The lion of St Mark


Chapter 1: Overview

If we are to read well, then we need first to set the scene before we get involved in the detail. We have now had an overview of the whole Gospel, we have some idea about what is happening at that level.

Now we come to the opening chapter and so we need an overview, a first reading of the chapter before we can begin reading it in detail. Our reading of the Gospel will normally be based upon the chapters because that keeps the organisation of our reading simple. We will always begin each chapter with an overview.

Here I am taking the first chapter as a unit not simply because it has been marked out as a chapter but because the next chapter opens a new stage in the unfolding story. Consider therefore why I take chapter 2 as a new beginning. It is always the text which must guide us as we try to follow the way the story develops.

Read through chapter 1. First, you will find a major division in the chapter. Where do you think this is? What is the difference between the first part of the chapter and what follows in the second part? The main clue is the change of place but there is also a change of activity as well.

Then go through the chapter and sort out its various parts. What happens in the first part?
Now look at the different incidents which are covered after Jesus returns to Galilee following his baptism and testing. Note the day on which the first two incidents occur. Two more incidents then follow, both beginning with a reference to time. When does the new day begin in Judaism? How does this apply here?

Now have a look at my response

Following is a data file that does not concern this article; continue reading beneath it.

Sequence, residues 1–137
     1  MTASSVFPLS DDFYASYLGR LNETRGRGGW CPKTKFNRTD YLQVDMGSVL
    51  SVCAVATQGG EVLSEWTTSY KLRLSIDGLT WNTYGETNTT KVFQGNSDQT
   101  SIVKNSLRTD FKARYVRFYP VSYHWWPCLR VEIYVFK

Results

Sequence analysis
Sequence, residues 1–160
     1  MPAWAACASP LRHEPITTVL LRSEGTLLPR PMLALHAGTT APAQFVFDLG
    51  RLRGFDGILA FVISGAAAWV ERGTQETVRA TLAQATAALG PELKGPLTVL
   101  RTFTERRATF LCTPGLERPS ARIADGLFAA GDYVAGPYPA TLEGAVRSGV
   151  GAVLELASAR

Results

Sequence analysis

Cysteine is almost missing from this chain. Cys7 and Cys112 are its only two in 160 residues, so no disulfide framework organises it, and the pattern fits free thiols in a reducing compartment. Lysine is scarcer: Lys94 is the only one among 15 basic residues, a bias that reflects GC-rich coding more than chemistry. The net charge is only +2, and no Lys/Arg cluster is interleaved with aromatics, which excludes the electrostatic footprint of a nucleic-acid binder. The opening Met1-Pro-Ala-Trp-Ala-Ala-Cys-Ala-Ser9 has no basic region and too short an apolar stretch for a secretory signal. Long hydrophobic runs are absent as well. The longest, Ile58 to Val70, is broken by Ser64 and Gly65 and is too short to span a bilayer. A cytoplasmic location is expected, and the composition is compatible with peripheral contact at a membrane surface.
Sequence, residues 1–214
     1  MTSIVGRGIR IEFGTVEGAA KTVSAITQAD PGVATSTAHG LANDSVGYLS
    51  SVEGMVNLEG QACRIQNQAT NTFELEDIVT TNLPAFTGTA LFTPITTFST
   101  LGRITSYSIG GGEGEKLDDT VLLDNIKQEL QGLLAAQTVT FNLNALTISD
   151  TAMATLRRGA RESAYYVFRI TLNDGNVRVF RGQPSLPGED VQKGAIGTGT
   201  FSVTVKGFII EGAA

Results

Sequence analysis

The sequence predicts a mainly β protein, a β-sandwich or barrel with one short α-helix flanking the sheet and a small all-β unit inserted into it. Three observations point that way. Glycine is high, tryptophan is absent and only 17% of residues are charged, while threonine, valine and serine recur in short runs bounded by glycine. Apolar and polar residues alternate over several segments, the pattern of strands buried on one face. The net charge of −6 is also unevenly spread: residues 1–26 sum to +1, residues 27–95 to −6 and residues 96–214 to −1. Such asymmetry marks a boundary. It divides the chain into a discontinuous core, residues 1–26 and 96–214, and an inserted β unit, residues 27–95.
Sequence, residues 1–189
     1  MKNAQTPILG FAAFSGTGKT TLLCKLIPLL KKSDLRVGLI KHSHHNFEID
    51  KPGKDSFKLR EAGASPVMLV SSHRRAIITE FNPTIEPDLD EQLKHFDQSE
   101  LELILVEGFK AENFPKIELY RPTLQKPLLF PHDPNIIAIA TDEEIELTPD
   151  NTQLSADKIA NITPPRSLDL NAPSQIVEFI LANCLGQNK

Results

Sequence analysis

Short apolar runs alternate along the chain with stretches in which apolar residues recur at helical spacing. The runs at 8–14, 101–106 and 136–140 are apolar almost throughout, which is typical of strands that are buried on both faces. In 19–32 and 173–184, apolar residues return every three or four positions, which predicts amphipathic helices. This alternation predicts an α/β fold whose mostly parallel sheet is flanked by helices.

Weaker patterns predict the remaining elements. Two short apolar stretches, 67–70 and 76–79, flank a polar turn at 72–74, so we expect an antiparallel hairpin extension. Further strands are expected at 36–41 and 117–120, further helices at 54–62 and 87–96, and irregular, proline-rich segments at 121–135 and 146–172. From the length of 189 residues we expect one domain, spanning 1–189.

Our Reading of the Chapter

The Prologue must be the first page for our reading: 1,1-15. We will though read the two transition verses, 1,14-15, with the following page, 1,14-20.

The call of the disciples, 1,16-20, is best taken as a page on its own, even though it is a short scene. So as noted we will add to this page the last two verses of the prologue: 1,14-15. In fact, 1,14-20 forms a Sunday Gospel which is a good reason for reading these verses together.

The third page can then be the two sabbath healings: 1,21-31.

The two scenes overnight (1,33-39) can then follow as the fourth page and to them we can add the healing of the leper: 1,32-45

The Sunday Gospels

Four Sundays, Sundays 3 to 6 of Ordinary Time, present this opening stage of Jesus's ministry, 1,14-45.
As it happens, in 2018 (as in 2015) these are the Sundays of Ordinary time before the beginning of Lent.

However, the Sunday readings as presented in the Lectionary do not follow my reading of the chapter. The aim of this project is to be a biblical reading following the clues left by the evangelist. We will then need to read the Sunday Gospels based on our discoveries. This will give us a better understanding of the Lectionary selections.
We must note that it is always good practice to read the Sunday readings in the Bible itself and so see how the Lectionary has been edited.

We are now ready for our reading of the Prologue, 1,1-15.